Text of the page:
Two further intravenous doses of antibiotics are given to cover the first 24 hours. Low molecular weight heparin or a similar suitable anticoagulant is prescribed—according to patient risk assessment—usually up until the 10th day postoperatively to ensure optimal thromboprophylaxis.
The patient is mobilized, fully weight bearing in the majority of cases, as soon as the gross effects of the anesthetic have worn off. Patients are encouraged to maximize knee extension and flexion at every stage of their recovery to ensure optimal outcome.
Exercises are commenced to ensure full recovery of quadriceps tone and strength and analgesia is provided to ensure the best possible results from physiotherapy.
Discharge from hospital is allowed when the wound is dry and the patient is safe ascending and descending stairs. Sutures or skin clips are removed at 10 to 14 days. A walking aid may be required for several weeks following surgery.
The literature supports driving from 8 weeks, so long as the patient is clear of opiod analgesia and can perform an emergency stop.
Follow-up appointments are scheduled at 6 to 8 weeks, 1 year, 5 years, and every subsequent fifth year thereafter. Earlier follow-up should be requested if there is any sign of infection or other significant concern.
Over 85% of total knee arthroplasty patients will recover knee function following a general rehabilitation protocol. The remaining 15% of patients will have difficulty obtaining proper knee function secondary to significant pain, limited preoperative motion, or the development of arthrofibrosis.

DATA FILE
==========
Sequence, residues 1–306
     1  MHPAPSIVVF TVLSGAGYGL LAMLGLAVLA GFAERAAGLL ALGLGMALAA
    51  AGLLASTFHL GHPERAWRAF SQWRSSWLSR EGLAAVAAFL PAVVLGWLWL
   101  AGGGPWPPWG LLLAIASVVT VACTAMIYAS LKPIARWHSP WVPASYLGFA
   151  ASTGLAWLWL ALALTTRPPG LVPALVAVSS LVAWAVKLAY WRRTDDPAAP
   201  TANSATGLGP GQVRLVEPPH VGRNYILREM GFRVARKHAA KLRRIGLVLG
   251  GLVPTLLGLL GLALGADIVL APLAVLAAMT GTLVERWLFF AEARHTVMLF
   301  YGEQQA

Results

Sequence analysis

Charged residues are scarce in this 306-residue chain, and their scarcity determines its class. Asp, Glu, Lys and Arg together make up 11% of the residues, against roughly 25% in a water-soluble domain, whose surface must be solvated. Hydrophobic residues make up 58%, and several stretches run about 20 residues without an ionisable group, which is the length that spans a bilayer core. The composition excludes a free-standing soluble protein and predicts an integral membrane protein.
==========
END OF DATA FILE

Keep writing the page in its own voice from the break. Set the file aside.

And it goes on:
This subset of patients will require a more specific prolonged rehabilitation program that may involve ongoing oral analgesia, continued physical therapy, additional diagnostic studies, and occasionally manipulation. Controlling pain is the mainstay of any such treatment plan.
The survivorship rate is the percentage of total knee arthroplasties that have not been revised in any given series of patients. It is generally the most often quoted outcome in the joint arthroplasty literature.
Survivorship is arguably the most useful outcome when distinguishing between different prosthetic designs and also helps answer the patient question, “How long will the knee last?”
The pioneers of total knee arthroplasty saw early failures that quickly led to the use of more durable materials, better fixation, and improved design.5-11
Published longer-term results have shown markedly differing survivorship rates between more subtle differences in arthroplasty design. In a recent study looking at 3234 knee arthroplasties performed between 1969 and 1995, 89% of the condylar designs had survived 10 years and between 78% and 89% had survived 15 years.
Survivorship rates, however, varied considerably among different implant designs. The corresponding rates for some, now discontinued, designs in this same study were between 43% and 63% at 10 years and between 28% and 59% at 15 years.
For this reason the total condylar design has endured. Perhaps the best long-term published results are for the Anatomic Graduated Condylar (AGC) knee arthroplasty, the success of which is attributed to a straightforward design that utilizes carefully manufactured materials.